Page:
Original Research ARTICLE

Front. Hum. Neurosci., 13 June 2013 | doi: 10.3389/fnhum.2013.00288

On the nature of extraversion: variation in conditioned contextual activation of dopamine-facilitated affective, cognitive, and motor processes

  • Human Development, Cornell University, Ithaca, NY, USA

Research supports an association between extraversion and dopamine (DA) functioning. DA facilitates incentive motivation and the conditioning and incentive encoding of contexts that predict reward. Therefore, we assessed whether extraversion is related to the efficacy of acquiring conditioned contextual facilitation of three processes that are dependent on DA: motor velocity, positive affect, and visuospatial working memory. We exposed high and low extraverts to three days of association of drug reward (methylphenidate, MP) with a particular laboratory context (Paired group), a test day of conditioning, and three days of extinction in the same laboratory. A Placebo group and an Unpaired group (that had MP in a different laboratory context) served as controls. Conditioned contextual facilitation was assessed by (i) presenting video clips that varied in their pairing with drug and laboratory context and in inherent incentive value, and (ii) measuring increases from day 1 to Test day on the three processes above. Results showed acquisition of conditioned contextual facilitation across all measures to video clips that had been paired with drug and laboratory context in the Paired high extraverts, but no conditioning in the Paired low extraverts (nor in either of the control groups). Increases in the Paired high extraverts were correlated across the three measures. Also, conditioned facilitation was evident on the first day of extinction in Paired high extraverts, despite the absence of the unconditioned effects of MP. By the last day of extinction, responding returned to day 1 levels. The findings suggest that extraversion is associated with variation in the acquisition of contexts that predict reward. Over time, this variation may lead to differences in the breadth of networks of conditioned contexts. Thus, individual differences in extraversion may be maintained by activation of differentially encoded central representations of incentive contexts that predict reward.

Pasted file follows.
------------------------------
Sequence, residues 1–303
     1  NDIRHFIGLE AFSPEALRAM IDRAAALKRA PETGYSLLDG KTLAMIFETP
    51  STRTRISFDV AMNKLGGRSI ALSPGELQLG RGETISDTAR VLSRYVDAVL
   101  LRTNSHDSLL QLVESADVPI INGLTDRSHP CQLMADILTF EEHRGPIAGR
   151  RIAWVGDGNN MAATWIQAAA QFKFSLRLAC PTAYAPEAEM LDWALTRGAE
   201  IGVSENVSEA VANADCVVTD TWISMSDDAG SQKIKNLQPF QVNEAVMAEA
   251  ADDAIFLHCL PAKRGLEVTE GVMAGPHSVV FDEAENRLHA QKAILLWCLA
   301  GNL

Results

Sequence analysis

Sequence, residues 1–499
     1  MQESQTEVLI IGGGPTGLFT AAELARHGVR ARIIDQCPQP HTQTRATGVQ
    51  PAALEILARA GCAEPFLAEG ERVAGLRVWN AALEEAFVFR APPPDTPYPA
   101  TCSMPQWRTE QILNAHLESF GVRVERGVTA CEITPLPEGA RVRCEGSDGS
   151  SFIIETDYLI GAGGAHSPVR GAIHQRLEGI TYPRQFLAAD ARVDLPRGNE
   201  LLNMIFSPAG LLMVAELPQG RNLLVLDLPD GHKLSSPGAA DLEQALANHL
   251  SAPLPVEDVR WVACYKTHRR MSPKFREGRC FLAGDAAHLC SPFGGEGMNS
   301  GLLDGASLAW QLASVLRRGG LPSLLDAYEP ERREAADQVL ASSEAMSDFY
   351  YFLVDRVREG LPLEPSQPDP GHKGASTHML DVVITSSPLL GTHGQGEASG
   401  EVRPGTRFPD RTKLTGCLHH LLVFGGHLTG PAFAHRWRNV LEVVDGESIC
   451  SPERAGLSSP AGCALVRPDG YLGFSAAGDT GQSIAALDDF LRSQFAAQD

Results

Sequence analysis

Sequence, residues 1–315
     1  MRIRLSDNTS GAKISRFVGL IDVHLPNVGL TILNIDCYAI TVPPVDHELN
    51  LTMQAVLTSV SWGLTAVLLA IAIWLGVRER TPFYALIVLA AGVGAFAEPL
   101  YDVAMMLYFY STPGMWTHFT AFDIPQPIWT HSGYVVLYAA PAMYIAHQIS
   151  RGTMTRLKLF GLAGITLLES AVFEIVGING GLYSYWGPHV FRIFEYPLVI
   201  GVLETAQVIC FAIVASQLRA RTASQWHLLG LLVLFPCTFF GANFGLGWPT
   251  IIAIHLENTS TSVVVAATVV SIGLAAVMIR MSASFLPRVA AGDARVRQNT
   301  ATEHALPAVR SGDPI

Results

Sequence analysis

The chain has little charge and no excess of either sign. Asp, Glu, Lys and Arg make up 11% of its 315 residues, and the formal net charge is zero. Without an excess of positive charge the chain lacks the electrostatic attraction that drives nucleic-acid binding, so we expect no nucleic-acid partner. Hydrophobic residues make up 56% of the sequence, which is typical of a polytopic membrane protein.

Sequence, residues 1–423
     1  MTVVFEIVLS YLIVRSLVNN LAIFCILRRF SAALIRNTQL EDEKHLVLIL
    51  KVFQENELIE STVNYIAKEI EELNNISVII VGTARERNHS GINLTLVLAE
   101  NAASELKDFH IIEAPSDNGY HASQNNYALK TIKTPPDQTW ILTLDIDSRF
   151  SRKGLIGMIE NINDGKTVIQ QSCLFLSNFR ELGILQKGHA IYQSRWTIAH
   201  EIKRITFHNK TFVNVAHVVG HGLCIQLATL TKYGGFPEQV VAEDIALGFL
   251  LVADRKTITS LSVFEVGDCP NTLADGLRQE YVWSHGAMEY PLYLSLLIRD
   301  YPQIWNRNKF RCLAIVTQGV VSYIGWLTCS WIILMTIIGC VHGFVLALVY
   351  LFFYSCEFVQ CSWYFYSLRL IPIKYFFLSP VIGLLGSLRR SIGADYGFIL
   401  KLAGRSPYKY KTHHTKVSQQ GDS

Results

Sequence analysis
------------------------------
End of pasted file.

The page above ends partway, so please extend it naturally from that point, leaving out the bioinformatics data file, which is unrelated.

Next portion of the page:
Keywords: dopamine, extraversion, conditioning, cognition, motor velocity, positive affect

Citation: Depue RA and Fu Y (2013) On the nature of extraversion: variation in conditioned contextual activation of dopamine-facilitated affective, cognitive, and motor processes. Front. Hum. Neurosci. 7:288. doi: 10.3389/fnhum.2013.00288

Received: 30 March 2013; Paper pending published: 19 April 2013;
Accepted: 02 June 2013; Published online: 13 June 2013.

Edited by:

Jan Wacker, Philipps-Universität Marburg, Germany

Reviewed by:

Charles S. Carver, University of Miami, USA
Luke D. Smillie, The University of Melbourne, Australia
Juergen Hennig, Justus-Liebig-University Giessen, Germany

Copyright © 2013 Depue and Fu. This is an open-access article distributed under the terms of the Creative Commons Attribution License, which permits use, distribution and reproduction in other forums, provided the original authors and source are credited and subject to any copyright notices concerning any third-party graphics etc.

*Correspondence: Richard A. Depue, Human Development, Laboratory of Neurobiology of Personality, 243 MVR Hall, Cornell University, Ithaca, NY 14853, USA e-mail: rad5@cornell.edu

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